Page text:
It reads like something from a best-selling international thriller.
A prominent military strategist, now a university professor, has revealed that for many years he has secretly been making regular trips to the jungles of Myanmar – formerly Burma – to advise the Karen National Liberation Army on guerrilla warfare tactics.
He is Desmond Ball, a professor at the Australian National University’s Strategic and Defence Studies Centre in Canberra. Previously he has worked with the CIA, the Pentagon and the White House.
The Karen ethnic group, representing about 4 million of Myanmar’s 56 million people, has for many decades been harshly persecuted by the country’s ruling military junta. An estimated 25 per cent of the Karen are Christian, including much of the leadership of the Karen National Liberation Army.
Professor Ball’s revelation came in June on the occasion of the award to him of the Order of Australia, the country’s top non-military official honor. He also revealed that he was battling terminal cancer.
In an interview with the Australian Broadcasting Corporation, Professor Ball said his involvement with the Karen started when he learned of atrocities being committed against them by member of the Burmese army.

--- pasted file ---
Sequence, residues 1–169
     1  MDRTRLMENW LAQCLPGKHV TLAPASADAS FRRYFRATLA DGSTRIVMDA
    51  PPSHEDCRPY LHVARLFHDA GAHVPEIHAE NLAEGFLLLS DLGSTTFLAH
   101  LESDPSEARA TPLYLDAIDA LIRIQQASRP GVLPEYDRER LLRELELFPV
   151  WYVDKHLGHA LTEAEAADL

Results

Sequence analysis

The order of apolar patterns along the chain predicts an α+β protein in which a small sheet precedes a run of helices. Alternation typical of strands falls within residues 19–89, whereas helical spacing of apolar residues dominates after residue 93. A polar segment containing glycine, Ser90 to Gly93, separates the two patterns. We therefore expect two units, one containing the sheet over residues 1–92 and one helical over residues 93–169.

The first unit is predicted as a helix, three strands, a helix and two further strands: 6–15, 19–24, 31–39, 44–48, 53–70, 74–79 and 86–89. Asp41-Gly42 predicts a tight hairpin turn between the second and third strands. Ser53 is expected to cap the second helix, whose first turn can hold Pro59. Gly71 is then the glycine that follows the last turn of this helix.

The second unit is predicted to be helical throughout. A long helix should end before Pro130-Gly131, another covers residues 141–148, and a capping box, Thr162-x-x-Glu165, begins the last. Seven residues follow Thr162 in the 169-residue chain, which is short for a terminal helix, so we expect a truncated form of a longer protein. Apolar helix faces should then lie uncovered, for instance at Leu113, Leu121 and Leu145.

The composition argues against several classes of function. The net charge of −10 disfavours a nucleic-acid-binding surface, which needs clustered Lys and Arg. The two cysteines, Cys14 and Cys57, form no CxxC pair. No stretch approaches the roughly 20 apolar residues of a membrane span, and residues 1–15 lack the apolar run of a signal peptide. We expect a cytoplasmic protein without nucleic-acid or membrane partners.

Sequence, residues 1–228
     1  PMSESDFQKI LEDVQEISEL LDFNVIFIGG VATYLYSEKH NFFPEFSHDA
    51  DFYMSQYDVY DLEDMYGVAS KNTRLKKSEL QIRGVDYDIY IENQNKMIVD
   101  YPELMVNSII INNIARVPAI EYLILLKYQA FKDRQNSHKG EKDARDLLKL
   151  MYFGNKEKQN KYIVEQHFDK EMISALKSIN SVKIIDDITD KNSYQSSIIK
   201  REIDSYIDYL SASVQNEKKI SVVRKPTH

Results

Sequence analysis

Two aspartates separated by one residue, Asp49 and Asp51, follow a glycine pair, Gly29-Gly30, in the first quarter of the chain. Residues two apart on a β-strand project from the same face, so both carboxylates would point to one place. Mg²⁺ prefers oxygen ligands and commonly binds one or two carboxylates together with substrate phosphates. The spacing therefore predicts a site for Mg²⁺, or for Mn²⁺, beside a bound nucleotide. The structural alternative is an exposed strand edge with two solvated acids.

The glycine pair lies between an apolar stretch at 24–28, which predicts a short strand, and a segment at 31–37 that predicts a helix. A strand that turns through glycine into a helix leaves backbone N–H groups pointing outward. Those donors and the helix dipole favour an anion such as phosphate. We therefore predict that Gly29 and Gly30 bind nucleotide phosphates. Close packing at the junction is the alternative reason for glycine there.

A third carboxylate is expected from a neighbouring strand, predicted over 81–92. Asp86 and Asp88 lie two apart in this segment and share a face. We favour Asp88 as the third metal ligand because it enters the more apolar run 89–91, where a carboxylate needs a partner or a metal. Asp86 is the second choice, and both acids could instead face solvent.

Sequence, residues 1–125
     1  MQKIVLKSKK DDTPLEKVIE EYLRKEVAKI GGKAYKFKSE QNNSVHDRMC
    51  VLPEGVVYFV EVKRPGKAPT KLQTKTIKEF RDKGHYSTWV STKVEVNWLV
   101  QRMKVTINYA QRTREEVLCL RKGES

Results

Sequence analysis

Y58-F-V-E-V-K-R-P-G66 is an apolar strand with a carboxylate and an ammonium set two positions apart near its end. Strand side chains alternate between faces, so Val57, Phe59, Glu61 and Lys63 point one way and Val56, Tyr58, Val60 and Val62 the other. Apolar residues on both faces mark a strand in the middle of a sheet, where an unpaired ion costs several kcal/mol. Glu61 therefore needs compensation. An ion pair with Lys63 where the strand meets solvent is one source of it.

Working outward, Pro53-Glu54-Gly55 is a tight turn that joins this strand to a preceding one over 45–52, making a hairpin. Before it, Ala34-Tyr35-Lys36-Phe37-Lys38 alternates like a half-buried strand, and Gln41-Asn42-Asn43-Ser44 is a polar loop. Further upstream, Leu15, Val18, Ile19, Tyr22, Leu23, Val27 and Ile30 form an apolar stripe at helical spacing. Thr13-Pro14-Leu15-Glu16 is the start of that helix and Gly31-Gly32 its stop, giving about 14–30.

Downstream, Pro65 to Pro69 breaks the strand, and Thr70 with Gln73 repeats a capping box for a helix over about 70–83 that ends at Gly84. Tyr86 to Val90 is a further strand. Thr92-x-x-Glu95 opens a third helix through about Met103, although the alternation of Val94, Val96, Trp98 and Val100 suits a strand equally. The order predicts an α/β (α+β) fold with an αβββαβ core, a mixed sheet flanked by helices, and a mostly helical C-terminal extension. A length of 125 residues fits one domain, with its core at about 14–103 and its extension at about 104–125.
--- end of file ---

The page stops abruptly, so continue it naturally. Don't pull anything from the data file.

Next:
He told the interviewer: “A couple of particular guys were involved in taking large numbers of girl, raping them, mutilating them, and, when they’d finished with them, putting them in the bark and thatch huts and then burning the huts – burning the girls alive or just machine-gunning them.
“I was very uncomfortable with all of that and thought, ‘I just can’t go home and forget about this. I should be doing something.’ So I took my contacts with the armed groups another step forward in terms of working out operational techniques for in fact tracking down and getting rid of these guys.”
He has advised the guerrilla fighters on intercepting enemy radio transmissions, while enhancing the security of their own communications. He has also instructed them on how to initiate ambushes that would inflict maximum damage on the Burmese army, while minimizing their own losses.
“I’ve done things which do go well beyond what is done by a normal academic,” he told the interviewer. “But there is nothing there that I believe has been wrong and there’s nothing that I regret.”
Despite some recent democratic reforms in Myanmar, the Open Doors Christian organization this year ranked it at No. 23 on its annual World Watch List of the top 50 countries where persecution of Christians is most intense.
Indeed, conditions for minority ethnic groups such as the Karen are actually deteriorating, according to Professor Ball, with the military now engaged in wholesale land grabs for mineral and plantation wealth.
“We’ve seen in the last couple of years the first use of helicopter gunships against villages,” he told the interviewer. “We’ve seen the first use of jet fighter aircraft launching missiles against villages.”